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Flap’s Links and Comments for March 15th on 11:04

These are my links for March 15th from 11:04 to 11:07:

  • Joseph R. Biden Jr.: The Case for Ratifying New Start – In September 2009, when President Obama decided to alter his predecessor's plans for missile defense in Europe, some critics claimed that we had sacrificed our allies in the interest of the "reset" with Russia. Others thought that we would derail the reset by proceeding with the new plan. The skeptics were wrong on both counts.

    At NATO's summit in Lisbon last weekend, President Obama united Europe behind our missile-defense plans and received strong support for the New Start Treaty that is currently before the Senate. In doing so, he proved that missile defense and arms control can proceed hand-in-hand.

    It's hard to remember how much relations between the United States and our European allies had frayed before this administration took office. U.S. leadership was viewed negatively by many foreign publics, and U.S. policies often met with opposition from our traditional partners. The positive atmosphere in Lisbon—and the substantial progress on priorities like missile defense, arms control and the Russia reset—simply would not have been possible without nearly two years of intensive diplomacy.

    NATO's adoption of territorial missile defense as a new mission shows that President Obama has rebuilt the alliance's underlying consensus about the threats we face and how to meet them. Once considered an insurmountable political, technical and financial challenge, NATO's decision to embrace territorial missile defense demonstrates the alliance's determination to meet 21st-century threats.

    The ballistic missile threat to our allies, partners and deployed forces is real and growing, particularly from Iran. Unlike previous approaches, this NATO missile-defense system will protect all NATO allies in Europe, not just some. And it will protect more European territory sooner than the system it replaced. The capability will improve over time, addressing existing and near-term threats first, then expanding to provide greater coverage and protection as the threat and technology evolve.

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    Read it all.

    What a difference 10 years makes

  • Senator Joseph Biden on "Missile Defense Delusion" from 2001 – Op-ed column from The Washington Post on 12/19/01) (880)
    19 December 2001

    (This column by Senator Joseph R. Biden Jr., chairman of the Senate
    Foreign Relations Committee, first appeared in the Washington Post
    December 19, 2001 and is in the public domain. No republication
    restrictions.)

    Missile Defense Delusion
    By Joseph R. Biden Jr.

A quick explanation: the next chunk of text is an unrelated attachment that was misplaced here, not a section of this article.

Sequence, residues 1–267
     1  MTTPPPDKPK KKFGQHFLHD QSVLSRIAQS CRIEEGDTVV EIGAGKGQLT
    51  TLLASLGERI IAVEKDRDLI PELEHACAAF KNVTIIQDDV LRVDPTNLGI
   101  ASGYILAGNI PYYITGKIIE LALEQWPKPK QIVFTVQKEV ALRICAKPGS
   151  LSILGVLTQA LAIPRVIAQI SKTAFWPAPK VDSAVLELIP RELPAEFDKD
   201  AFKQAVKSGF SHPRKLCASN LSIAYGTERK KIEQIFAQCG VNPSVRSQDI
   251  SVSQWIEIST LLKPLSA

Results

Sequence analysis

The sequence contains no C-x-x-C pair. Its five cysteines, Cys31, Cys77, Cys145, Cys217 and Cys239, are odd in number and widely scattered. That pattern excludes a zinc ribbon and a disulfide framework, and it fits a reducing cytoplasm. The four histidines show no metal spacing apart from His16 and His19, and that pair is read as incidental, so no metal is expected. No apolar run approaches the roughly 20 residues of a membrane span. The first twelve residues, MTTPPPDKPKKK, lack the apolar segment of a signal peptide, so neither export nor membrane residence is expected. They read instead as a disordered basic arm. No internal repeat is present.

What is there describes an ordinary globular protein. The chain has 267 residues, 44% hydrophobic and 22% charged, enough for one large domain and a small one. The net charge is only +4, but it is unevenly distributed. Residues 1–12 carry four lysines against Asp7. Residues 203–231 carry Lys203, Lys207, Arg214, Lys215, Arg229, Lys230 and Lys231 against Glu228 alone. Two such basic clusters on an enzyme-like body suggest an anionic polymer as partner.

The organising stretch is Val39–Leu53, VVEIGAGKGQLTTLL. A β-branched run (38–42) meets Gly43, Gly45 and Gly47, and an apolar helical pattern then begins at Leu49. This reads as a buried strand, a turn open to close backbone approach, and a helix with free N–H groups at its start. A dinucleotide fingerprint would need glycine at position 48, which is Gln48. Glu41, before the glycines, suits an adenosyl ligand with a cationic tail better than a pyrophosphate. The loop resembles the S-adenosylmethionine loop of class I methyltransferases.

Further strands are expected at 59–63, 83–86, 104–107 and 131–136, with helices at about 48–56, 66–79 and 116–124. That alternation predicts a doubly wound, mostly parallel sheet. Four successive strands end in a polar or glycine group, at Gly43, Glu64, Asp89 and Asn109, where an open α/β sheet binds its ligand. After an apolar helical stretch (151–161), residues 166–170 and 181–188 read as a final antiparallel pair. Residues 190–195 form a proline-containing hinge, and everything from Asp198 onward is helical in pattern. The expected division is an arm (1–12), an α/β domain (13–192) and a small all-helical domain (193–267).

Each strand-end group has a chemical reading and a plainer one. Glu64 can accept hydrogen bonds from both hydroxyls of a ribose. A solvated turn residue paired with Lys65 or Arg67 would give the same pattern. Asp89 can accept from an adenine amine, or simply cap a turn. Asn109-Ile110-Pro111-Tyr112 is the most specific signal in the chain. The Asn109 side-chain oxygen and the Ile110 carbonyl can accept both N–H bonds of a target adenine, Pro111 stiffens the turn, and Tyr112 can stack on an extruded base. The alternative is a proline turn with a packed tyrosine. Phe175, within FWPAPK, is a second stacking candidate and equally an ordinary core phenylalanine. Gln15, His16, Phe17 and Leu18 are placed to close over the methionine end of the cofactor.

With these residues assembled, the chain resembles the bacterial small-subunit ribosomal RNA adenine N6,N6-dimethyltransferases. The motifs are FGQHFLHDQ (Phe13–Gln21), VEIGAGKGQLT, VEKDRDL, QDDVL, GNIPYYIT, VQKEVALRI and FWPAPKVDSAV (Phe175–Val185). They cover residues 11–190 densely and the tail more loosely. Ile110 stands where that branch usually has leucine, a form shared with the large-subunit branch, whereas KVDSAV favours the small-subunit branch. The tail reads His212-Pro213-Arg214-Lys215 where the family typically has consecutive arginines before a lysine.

Washington being what it is, the idea that politics and ideology
    should be set aside for a higher purpose may seem a quaint, naive
    sentiment. But few would argue with the statement that the ultimate
    test in deciding to scrap a treaty that has helped keep the peace for
    30 years is whether it makes the United States more or less secure. In
    that light, President Bush's decision to unilaterally walk away from
    the Anti-Ballistic Missile Treaty is a serious mistake.

    No one doubts we live in a dangerous world and that our enemies are
    ruthless. But a "Star Wars" defense, assuming it could be made to
    work, would address only what the Joint Chiefs of Staff argue is the
    least likely threat to our national security.

    One of the lessons we should have learned from the devastating attack
    of Sept. 11 is that terrorists determined to do this nation harm can
    employ a wide variety of means, and that weapons of mass destruction
    — chemical, biological or even nuclear — need not arrive on the tip
    of an intercontinental ballistic missile with a return address. That's
    why the Joint Chiefs of Staff argue that an ICBM launch ranks last on
    the "Threat Spectrum," while terrorist attacks constitute the greatest
    potential threat to our national security.

    The administration's obsession with missile defense — with a price
    tag in excess of a quarter-trillion dollars for the layered program on
    the president's wish list — is doubly troubling because of the
    attention and resources being diverted from critical efforts to
    address genuine threats. While the president says nonproliferation is
    a high priority, his actions speak louder. Notwithstanding promises of
    new efforts, the fiscal year 2002 budget that he requested would have
    cut more than $100 million out of programs designed to corral Russia's
    "loose nukes," provide help that Russia has requested to destroy its
    chemical weapons stockpile and prevent unemployed Russian scientists
    from selling their services to terrorist organizations.

    Only when it comes to missile defense is the administration pushing
    hard. But nothing could be more damaging to global nonproliferation
    efforts than to go forward with Star Wars. Russia has enough offensive
    weapons to overwhelm any system we could devise, so the real issue is
    what happens in China and throughout Asia.

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    VP Joe Biden as a Senator had never been a fan of national missile defense, but now?

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